In the run-up to the announcement of the YA Book Prize 2016, Darran (@ShinraAlpha) and I are reading and sharing our thoughts on all ten books on the shortlist. We’re kicking off with The Art of Being Normal by Lisa Williamson (David Fickling Books).
The Art of Being Normal by Lisa Williamson
The winner of the Teen Category of this year’s Waterstones’ Children’s Book Prize, The Art of Being Normal is a book I’ve blogged and talked about extensively for over a year now – including an introduction to the hardback last January. Its win, and its inclusion on the YA Book Prize shortlist are a brilliant testament to the strength and diversity of the Young Adult literature being produced right now – especially in the UK. There’s very little out there in fiction that features Transgender characters, and especially in such a positive and heartfelt way. The characters in Lisa Williamson’s debut are full of emotion, joy and above all – love, and that positivity is such a wonderful message to be spreading to young people. I still maintain it’s probably the most important YA novel of the last decade, not just because of the subject matter, but also because how it deals with the characters and the genuine honesty with which Lisa tells their stories, and those characters display such fantastic and wonderful interactions with each other and reading about them made me laugh, made me cry big ugly tears and made my heart swell with joy. But for all of the positivity Lisa weaves into her story, she never once pulls her punches on the harder side of life for Trans people, and it’s this honesty that really brings lets the story seep into the reader’s hearts. This book is warm and it’s hopeful, and it begs readers to really look past the things that make us all different and begs you to focus on the things that make us all the same, and in a world so often full of fear and distrust, that’s a beautiful thing that we should celebrate as often as possible. Great books breathe and breed empathy in their readers, and The Art of Being Normal is a book to change lives.
Kate’s Reasons to read… The Art of Being Normal by Lisa Williamson
- It calls time on a taboo
While there are more books now being published featuring LGBTQ characters, The Art of Being Normal goes into newer, less travelled territory, by exploring the life of David, a teenager born as a boy but who knows he is truly a girl. It’s also a story of friendship, as an incident of bullying in the school canteen throws him into the path of Leo, a mysterious, tough, new boy in the year above, who sticks up for him.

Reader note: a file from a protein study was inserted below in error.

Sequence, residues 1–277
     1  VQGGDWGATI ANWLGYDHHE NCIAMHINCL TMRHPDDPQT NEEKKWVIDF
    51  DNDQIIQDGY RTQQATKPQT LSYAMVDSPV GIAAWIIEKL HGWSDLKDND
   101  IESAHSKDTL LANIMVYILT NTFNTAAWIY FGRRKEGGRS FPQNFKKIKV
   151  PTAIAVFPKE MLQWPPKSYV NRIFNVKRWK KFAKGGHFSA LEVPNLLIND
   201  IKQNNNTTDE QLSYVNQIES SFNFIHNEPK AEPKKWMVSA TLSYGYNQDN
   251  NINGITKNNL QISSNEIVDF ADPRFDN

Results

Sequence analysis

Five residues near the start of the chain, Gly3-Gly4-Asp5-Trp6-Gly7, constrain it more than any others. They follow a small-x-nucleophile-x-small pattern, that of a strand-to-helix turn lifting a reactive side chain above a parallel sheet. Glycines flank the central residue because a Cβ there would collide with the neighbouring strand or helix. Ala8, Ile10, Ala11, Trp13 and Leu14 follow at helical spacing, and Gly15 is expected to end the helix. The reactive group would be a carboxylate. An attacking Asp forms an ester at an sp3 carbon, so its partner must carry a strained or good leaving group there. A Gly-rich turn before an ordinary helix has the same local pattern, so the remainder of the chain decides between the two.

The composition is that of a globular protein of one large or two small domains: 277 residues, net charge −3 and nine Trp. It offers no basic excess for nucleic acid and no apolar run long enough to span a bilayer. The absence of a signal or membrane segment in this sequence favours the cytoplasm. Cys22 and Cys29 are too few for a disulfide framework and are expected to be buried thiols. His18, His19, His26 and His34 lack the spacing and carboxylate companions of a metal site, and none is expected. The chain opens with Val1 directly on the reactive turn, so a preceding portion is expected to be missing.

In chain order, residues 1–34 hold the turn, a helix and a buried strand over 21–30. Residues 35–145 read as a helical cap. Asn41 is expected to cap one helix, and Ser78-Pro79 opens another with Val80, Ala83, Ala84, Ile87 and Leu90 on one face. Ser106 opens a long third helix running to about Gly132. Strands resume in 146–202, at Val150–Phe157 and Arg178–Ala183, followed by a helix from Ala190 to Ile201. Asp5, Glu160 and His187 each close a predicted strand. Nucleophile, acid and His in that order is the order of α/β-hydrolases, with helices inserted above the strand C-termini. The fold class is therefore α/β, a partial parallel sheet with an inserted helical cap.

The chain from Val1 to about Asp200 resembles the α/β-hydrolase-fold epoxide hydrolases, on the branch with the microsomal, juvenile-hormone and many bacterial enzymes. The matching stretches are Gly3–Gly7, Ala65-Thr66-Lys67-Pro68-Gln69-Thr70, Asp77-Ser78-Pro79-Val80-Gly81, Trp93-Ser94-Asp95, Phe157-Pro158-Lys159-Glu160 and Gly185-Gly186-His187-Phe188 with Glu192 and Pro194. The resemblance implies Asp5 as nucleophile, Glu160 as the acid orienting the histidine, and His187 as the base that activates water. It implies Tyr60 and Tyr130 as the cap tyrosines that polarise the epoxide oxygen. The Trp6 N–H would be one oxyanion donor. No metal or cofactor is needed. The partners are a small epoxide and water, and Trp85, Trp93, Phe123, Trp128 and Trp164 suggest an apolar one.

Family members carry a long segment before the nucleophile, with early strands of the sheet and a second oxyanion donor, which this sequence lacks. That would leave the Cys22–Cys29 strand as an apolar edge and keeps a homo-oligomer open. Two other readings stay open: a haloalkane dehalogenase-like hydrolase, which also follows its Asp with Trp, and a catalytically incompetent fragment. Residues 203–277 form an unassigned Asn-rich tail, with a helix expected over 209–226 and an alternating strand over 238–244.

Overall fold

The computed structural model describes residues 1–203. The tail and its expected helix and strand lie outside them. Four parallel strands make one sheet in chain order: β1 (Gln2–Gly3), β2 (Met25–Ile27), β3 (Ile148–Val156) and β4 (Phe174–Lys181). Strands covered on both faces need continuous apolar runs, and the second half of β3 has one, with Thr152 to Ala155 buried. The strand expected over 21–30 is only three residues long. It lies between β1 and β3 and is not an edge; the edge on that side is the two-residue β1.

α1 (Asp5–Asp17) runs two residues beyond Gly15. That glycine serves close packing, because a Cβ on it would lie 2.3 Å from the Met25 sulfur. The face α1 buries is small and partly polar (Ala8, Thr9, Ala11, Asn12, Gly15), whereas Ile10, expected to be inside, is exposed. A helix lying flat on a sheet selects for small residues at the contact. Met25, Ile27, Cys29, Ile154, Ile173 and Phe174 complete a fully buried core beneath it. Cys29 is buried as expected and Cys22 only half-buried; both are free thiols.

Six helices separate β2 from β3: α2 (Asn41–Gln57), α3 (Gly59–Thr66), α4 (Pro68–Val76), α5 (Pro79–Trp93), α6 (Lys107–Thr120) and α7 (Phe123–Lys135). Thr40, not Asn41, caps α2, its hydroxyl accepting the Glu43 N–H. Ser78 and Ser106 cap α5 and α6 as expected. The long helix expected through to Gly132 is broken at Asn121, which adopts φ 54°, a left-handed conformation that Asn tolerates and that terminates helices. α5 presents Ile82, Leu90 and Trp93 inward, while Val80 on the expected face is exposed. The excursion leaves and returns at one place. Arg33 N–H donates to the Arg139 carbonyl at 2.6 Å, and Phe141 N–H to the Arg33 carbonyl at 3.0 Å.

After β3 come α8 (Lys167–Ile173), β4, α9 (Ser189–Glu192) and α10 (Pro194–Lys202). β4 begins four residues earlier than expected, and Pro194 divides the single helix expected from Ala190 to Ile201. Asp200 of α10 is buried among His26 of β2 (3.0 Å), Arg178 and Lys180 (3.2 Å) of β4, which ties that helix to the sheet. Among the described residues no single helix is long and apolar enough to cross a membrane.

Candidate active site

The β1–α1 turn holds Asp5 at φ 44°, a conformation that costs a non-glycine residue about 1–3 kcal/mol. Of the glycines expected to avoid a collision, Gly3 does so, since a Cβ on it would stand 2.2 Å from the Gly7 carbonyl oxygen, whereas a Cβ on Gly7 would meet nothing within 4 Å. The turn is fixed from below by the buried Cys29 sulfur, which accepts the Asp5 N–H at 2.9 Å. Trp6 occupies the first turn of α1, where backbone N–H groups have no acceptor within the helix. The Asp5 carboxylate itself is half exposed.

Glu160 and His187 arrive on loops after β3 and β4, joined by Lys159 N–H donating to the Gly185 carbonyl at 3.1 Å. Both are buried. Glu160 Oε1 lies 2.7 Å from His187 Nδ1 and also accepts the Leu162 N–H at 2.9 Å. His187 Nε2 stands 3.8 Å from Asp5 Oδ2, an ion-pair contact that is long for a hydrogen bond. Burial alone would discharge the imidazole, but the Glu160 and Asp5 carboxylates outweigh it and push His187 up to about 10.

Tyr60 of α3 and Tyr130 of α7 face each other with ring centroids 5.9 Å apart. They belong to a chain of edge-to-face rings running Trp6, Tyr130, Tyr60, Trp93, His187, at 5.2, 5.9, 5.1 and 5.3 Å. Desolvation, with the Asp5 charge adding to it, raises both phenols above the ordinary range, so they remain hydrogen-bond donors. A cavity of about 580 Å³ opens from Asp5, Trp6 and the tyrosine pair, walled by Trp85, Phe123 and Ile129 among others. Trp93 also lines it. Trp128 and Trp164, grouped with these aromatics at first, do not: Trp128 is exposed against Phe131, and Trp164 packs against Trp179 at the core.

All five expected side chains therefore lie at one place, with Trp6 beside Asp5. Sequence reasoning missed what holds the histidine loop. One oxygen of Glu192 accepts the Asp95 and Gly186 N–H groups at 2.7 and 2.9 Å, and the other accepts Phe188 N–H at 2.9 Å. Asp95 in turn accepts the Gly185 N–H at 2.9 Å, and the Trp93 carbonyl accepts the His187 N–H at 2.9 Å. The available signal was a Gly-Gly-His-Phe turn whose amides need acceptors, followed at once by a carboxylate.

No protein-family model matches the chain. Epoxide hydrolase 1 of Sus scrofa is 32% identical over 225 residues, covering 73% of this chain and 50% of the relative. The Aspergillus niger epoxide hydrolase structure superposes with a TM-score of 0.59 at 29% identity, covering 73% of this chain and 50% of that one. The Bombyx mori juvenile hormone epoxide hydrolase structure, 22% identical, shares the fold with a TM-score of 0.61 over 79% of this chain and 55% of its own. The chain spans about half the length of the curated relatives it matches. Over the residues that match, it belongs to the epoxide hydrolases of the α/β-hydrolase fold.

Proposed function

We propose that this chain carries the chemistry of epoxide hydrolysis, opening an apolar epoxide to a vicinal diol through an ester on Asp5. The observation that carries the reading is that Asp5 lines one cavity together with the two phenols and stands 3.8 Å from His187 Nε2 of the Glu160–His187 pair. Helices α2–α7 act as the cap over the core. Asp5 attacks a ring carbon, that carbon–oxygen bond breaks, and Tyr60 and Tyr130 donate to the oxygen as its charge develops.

- We can all sympathise – what is ‘normal’ anyway?
Almost no one feels quite ‘normal’ as they go through their teenage years, and almost everyone has things they’d like to change about themselves, or go through phases where they feel uncomfortable in their own skin, especially whilst wading through the hormone-ridden swamp of puberty. Now, imagine that being compounded by the feeling you’re actually in the wrong gender body completely – if you haven’t already experienced that first hand, of course. And not forgetting, of course, the pressure to conform to traditional gender roles and stereotypes… That’s where David is at the beginning of the book, with only his two closest friends to confide in, terrified that the wrong people will discover his secret.
- You’ll love the cast of characters
I absolutely fell for David as a character. He is utterly believable; a nervous, gawky teenager, plagued by doubts yet with a great sense of humour – his voice felt completely real to me, as did all the characters I encountered while following his journey. In creating such a sense of realism, Lisa doesn’t shy away from including the bad with the good; the bullies at David’s school, his fears about his future, and also revelations about Leo and his past. To hear more from Lisa Williamson, you can listen to the podcast interview I recorded with her before her launch event for The Art of Being Normal, back in January 2015, and you can also read my full review.
Next up, we’ll look at Concentr8 by William Sutcliffe.
You can find out more about the YA Book Prize and the full shortlist on their website.